Salt: Friend or Foe?

The average American consumes 15 pounds of salt per year.  That is the equivalent of 3 five pound bags of sugar.  Our bodies need salt to survive but how much salt is enough?

Every living cell in our body is bathed in a salt solution.  Our tears are salty, our blood is salty and our sweat is salty.

Chemical requirements of the human body demand that there is a constant concentration of salt in the blood.  Our bodies rely on electrolytes such as sodium and potassium to carry the electrical impulses that control our bodily functions.  Salt also helps to regulate blood pressure and fluid volume.  It aids in digestion by assisting in the absorption of food through intestinal walls.  Salt extracts excess acidity from brain cells and balances sugar levels in our blood.

A host of problems can crop up if you have a salt deficiency.  You may experience headaches, heart palpitations, nausea, weariness, fatigue, dizziness, muscle cramps and may even collapse.

But on the other hand a whole host of problems can occur if you are supplying your body with an overabundance of salt.  You can experience high blood pressure, potassium deficiency, kidney stones, cataract formation, liver disease and osteoporosis.

Salt intake is responsible for a substantial amount of hypertension.  65 million Americans have hypertension (high blood pressure).  45 million have “pre-hypertension”, that means they are right on the verge of high blood pressure.  High blood pressure is a systolic number of 140 or over or a diastolic number of 90 or over.  Hypertension is an important risk factor in heart attacks and strokes.  In a study done by Women’s Hospital and Harvard Medical School (Cook et al, 2007) they confirmed that people who reduced their salt intake by 25%-30% had an equal reduction in risk of cardiovascular disease of 25%.

In 2001 the IU School of Medicine found that people who are “salt-sensitive” have an increased risk of dying from cardiovascular disease if they have a diet high in salt.  A salt-sensitive person experiences elevated blood pressure when they are given a salt load.  Being salt-sensitive is a risk factor for hypertension but many salt —sensitive people do not have high blood pressure.  In salt sensitive people high dietary salt causes cardiovascular disease even if their blood pressure remains normal.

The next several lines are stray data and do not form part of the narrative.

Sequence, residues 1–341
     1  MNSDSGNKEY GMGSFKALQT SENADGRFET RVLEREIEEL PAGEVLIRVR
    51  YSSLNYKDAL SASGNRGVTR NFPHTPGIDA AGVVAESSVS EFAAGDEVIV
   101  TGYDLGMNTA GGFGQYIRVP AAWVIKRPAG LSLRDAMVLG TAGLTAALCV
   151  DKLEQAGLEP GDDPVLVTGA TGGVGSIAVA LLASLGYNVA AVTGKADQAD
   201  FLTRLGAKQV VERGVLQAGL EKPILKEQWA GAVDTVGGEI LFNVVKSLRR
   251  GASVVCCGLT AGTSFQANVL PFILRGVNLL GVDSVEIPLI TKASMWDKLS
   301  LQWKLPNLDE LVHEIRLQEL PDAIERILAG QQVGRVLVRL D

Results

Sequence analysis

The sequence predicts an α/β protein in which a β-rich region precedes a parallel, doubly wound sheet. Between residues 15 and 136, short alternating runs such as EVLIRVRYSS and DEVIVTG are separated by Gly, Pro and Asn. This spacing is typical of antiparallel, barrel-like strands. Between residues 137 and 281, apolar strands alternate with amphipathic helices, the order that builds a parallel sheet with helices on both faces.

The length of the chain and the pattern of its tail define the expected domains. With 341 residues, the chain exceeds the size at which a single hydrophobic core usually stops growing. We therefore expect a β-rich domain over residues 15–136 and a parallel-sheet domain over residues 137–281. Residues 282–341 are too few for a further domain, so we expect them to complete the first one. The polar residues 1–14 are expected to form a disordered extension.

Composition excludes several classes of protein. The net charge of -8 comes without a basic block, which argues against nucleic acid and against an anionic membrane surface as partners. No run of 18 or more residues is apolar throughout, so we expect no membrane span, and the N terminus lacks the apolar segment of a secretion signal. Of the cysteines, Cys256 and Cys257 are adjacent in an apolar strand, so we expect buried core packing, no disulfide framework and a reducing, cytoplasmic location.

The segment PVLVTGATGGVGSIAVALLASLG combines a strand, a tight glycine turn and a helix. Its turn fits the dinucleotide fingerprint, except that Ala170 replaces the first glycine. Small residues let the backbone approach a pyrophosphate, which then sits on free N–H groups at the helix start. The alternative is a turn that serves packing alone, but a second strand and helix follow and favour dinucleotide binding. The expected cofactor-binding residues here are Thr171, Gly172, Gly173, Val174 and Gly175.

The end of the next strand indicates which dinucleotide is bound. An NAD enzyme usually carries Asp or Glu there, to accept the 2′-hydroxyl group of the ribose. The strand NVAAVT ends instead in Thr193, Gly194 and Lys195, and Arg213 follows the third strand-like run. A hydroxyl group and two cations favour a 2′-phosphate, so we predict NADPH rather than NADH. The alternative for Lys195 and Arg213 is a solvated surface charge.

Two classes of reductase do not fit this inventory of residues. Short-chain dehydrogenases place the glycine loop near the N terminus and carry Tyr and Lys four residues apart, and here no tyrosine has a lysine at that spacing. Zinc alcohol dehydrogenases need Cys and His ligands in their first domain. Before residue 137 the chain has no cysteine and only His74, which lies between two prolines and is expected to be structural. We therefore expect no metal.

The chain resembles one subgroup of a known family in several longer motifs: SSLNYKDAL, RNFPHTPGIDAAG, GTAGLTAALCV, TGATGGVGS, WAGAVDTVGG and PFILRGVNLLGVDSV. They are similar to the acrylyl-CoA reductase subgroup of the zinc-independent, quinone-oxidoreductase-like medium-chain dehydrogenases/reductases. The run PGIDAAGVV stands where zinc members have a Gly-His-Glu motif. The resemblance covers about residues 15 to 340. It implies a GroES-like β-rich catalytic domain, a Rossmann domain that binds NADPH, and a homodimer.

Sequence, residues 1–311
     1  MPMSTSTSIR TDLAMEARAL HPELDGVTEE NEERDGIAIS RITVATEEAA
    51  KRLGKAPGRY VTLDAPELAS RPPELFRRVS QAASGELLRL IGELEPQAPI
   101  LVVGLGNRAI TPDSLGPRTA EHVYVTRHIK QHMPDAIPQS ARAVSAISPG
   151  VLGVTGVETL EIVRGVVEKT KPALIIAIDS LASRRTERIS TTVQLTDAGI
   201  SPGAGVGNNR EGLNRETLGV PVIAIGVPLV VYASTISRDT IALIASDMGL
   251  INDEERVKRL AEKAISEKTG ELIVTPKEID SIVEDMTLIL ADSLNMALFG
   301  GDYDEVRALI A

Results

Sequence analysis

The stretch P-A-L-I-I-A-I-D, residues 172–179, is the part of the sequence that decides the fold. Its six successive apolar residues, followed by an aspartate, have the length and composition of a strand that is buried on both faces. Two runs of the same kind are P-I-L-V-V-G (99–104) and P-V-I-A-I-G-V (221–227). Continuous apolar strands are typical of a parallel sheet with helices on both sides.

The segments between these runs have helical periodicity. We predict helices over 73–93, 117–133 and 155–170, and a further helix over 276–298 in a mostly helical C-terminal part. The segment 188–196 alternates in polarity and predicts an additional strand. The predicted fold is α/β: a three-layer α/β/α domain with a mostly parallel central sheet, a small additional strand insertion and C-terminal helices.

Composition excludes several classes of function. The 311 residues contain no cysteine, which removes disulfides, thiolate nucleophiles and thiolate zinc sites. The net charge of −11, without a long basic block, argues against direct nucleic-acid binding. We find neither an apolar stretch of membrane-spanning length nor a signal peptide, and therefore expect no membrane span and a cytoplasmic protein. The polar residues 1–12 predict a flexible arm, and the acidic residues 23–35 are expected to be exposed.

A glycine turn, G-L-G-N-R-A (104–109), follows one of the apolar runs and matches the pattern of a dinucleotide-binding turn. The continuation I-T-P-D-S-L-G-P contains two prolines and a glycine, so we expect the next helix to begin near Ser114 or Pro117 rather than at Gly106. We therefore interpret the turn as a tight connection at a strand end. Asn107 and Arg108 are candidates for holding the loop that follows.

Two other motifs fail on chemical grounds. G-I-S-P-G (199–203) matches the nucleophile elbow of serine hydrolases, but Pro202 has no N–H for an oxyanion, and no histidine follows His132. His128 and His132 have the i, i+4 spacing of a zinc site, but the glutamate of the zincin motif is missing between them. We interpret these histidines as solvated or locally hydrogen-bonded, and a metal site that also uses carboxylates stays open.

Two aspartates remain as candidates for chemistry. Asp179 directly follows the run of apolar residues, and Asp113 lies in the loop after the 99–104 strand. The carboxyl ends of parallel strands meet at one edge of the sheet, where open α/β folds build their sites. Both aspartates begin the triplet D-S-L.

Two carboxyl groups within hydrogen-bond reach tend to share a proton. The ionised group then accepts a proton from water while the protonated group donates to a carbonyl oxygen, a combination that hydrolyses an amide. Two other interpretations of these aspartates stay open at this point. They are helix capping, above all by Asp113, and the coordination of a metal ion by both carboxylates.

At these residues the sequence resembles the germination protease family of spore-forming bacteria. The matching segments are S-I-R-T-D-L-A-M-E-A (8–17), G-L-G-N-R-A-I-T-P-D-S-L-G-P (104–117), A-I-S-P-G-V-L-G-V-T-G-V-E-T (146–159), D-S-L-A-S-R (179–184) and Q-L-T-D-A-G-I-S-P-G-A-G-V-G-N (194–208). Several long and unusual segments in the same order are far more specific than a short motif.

75% of the salt we eat is already in the food we buy.  Salt is found in almost all processed foods such as; breakfast cereal, soup, sauces, even refrigerator biscuits.  Restaurant food is also highly salted.  So just putting away the salt shaker on your table will not be enough.

In 2006 the American Medical Association called for a minimum 50% reduction in sodium in processed foods, fast foods and restaurant meals.  The AMA also asked the FDA to work harder to educate the public about health risks associated with a high sodium diet.  The AMA and The American Heart Association recommend that a healthy adult should not exceed 2300 milligrams of sodium per day.  That is about 1 tsp of table salt.

Below I have outlined product labels and what they mean so that we can start in the grocery store with the items we purchase to cut down on our salt usage.

If a food label says: This is what it means:
Unsalted, No Salt Added, Without Added Salt   No salt has been added during processing, even though salt is normally added to that food.
Reduced or Less Sodium 25% less sodium than normal
Lightly salted or Light in Sodium 50% less sodium than normal
Low Sodium 140 mg or less per serving
Very Low Sodium 35 mg or less per serving
Sodium Free or Salt-Free  5 mg or less per serving

You may also want to consider cutting back on processed food and eating more fresh fruits and vegetables.  Cooking from scratch allows you to control the quantity of salt used.

Salt is necessary, our bodies require it, but just as too much sugar can throw our bodies out of balance so can too much salt.  Too much salt is never a good thing.


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